Three months ago, Rolling Stone named Tori Kelly one of the top “10 New Artists You Need To Know,” but contrary to the title, 22-year-old Kelly has been making music for quite some time. The California native has been posting videos on YouTube since the age of 14 before making her way to American Idol two years later. Although she didn’t make it past the early stages of the competition, she didn’t lose hope. “I had already been posting a little bit on YouTube, but [losing] put much more fire under me,” says Kelly. “That’s when I started writing a lot more originals and posting them along with the covers to make sure people knew what kind of artist I was.”
One million YouTube subscribers and a record deal later, Kelly is certainly well known. You may have heard of “Nobody Love”—Kelly’s hit single from her just-released album, Unbreakable Smile. The song boasts over 4 million views on YouTube to-date, and if that’s any indication of her success to come, the 22-year-old should certainly buckle up. In the making for the past two years, Unbreakable Smile is co-produced with legendary songwriter Max Martin and features collaborations with artists such as Ed Sheeran and LL Cool J.
Here Kelly gives DuJour an inside look behind the making of the album.
Scooter Braun has a thing for discovering people on YouTube. Is that how he discovered you after your EP in 2012?
It was around the same time. I had already sort of started building a fan-base on YouTube and I just posted my first viral video with the Frank Ocean cover “Thinking About You.” Once that came out everything started moving so quickly. I just so happened to have a show that same week. So he had that video sent to him and ended up coming to the show. It was just at this small little café called Room 5 in L.A.—maybe like 70 people at the most. So he shows up and from there he was just really passionate about me as an artist. He’s been amazing as a manager.
What was it like collaborating with Max Martin and Ed Sheeran on the album?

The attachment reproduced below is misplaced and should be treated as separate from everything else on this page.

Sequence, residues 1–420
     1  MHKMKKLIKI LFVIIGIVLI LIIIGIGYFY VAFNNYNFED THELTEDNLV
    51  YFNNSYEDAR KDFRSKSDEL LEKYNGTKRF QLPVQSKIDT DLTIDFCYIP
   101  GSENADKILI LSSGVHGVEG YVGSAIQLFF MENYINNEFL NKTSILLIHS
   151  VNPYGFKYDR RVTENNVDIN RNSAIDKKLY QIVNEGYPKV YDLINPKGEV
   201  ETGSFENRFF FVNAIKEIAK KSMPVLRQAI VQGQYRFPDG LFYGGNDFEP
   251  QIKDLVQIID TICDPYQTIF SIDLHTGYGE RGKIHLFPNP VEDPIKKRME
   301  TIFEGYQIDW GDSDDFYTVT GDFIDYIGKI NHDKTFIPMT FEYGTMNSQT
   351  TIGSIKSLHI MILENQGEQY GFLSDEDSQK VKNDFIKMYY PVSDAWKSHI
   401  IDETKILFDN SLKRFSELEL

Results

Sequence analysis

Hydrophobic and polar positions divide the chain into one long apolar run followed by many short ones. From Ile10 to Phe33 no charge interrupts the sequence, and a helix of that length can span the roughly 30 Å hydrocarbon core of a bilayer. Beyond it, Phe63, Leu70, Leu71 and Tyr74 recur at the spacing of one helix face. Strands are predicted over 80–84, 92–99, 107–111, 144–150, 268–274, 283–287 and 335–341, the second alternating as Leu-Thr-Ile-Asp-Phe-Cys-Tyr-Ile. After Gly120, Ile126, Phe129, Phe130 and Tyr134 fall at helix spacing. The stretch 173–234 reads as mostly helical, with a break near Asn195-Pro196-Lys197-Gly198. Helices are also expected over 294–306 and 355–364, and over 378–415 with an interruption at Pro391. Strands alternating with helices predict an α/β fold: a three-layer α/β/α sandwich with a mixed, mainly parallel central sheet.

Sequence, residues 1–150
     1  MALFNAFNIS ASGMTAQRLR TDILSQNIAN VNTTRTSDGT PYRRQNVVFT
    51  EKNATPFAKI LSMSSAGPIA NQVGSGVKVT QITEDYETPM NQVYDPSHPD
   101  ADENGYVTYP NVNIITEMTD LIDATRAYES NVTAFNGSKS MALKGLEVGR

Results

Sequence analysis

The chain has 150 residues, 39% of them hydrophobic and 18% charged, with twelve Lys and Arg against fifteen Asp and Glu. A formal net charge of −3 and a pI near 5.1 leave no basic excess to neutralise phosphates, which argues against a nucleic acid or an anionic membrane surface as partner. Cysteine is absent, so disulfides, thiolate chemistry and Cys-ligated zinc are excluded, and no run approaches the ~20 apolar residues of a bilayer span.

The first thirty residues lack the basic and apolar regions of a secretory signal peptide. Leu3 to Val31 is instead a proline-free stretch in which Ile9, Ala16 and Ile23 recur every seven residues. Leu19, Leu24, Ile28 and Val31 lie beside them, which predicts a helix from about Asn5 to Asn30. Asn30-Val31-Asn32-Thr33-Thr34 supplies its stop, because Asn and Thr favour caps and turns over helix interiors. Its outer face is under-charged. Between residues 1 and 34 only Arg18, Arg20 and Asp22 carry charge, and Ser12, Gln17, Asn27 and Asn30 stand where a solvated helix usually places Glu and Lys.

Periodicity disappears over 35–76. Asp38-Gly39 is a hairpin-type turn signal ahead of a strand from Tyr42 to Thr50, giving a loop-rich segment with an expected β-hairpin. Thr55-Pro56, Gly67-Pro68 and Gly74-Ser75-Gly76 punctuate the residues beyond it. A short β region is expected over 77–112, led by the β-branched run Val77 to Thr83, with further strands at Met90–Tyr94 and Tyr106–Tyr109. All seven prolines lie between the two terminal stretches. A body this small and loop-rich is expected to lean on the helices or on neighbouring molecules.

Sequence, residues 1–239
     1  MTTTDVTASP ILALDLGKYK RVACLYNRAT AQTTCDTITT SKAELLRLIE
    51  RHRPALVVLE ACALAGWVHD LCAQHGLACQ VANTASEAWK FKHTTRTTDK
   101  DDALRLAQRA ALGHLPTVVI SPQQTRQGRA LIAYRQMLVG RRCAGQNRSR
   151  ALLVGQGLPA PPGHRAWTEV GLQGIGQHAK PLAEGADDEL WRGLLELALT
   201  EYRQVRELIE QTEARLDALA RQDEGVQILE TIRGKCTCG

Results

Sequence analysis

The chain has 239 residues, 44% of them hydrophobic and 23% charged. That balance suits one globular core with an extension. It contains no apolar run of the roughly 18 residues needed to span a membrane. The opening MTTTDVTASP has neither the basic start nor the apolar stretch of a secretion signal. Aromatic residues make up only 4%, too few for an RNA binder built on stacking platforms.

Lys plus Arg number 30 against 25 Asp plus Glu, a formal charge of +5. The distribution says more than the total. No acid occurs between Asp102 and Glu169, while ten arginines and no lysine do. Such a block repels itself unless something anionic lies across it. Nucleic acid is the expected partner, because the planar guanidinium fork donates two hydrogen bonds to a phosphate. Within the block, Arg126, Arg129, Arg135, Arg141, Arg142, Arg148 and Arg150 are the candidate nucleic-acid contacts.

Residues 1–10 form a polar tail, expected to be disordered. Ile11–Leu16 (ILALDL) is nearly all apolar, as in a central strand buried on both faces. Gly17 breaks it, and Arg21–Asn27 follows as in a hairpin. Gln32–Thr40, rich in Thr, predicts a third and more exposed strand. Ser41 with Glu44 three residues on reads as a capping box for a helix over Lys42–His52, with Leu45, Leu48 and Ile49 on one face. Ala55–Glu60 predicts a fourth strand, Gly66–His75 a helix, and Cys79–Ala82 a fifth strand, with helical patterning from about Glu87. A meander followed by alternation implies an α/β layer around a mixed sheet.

Max Martin was amazing to work with. He really understands mainstream pop well—he’s a legend. So I was so happy just to work with him. We got along really great and he said to me right away, ‘I want to make the type of songs that fit you as an artist. Make sure you let me know if you’re not comfortable with anything.’ He was very easy to work with, which I think made it so much easier in the end. And Ed was so much fun to work with as well. He’s very laidback and chill. I kept forgetting that he was playing for stadiums every night because he’s just Ed—he’s just a regular dude. So it’s cool to hang with him in the studio too.
What’s the inspiration behind the album?
“Unbreakable Smile” was the first song that I wrote for the album. It all started with a meeting where people were telling me different things they overheard people say in the industry. They were telling me people think you’re too boring and you’re too plain and you’re too nice. I was kind of taking all of it in acting like it didn’t phase me, but that very same night I wrote “Unbreakable Smile.” I had so many feelings I was burying and hiding for so long. Once I finally said what I was thinking, I felt so much better—it helped with everything. Every session after that I just had so much more confidence. Looking back it made sense to call the album that because I think that really is the theme. When people throw negative comments at you, it’s going to take a lot more than that to break me. I want that story to inspire other people as well.
Any favorite songs on the album?
That’s probably the hardest question ever—they’re all my babies. I put so much of myself into every single song, but I think songs like “Unbreakable Smile” and there’s another song called, “Funny,” another song called “City Dove.” I’ve been categorizing things—there are love songs, heartbreak songs, life songs and I’ve been finding that those [songs] live on longer and tend to hit home at the time. Songs like that I think are my favorite.
You enjoyed not becoming a star overnight. Do you think that might change with the release of Unbreakable Smile?
I still feel the same way—I’m glad up until this point that I didn’t have to rush into anything. I had been able to really learn about the business side of things and all that stuff, but once the album comes out it’s hard to say what’s going to happen. I think that’s kind of exciting though—the unknown. Either way, if it were to blow up overnight and my life gets crazy then that’s meant to be. And at the same time if it’s more of a slow build and people slowly discover it then that’s also amazing. I think whatever’s meant to happen is meant to happen and I’m ready for any situation.
What are you most looking forward to—what’s next?
It’s hard to think of anything else other than [the album] because it’s getting so close. I think once the album is out I’d love to get back on the road and do shows and actually perform the album. That’s where I feel the best—on stage. I’m excited just to be meeting fans and travel the world and learn a lot along the way. It’s going to be a really exciting year.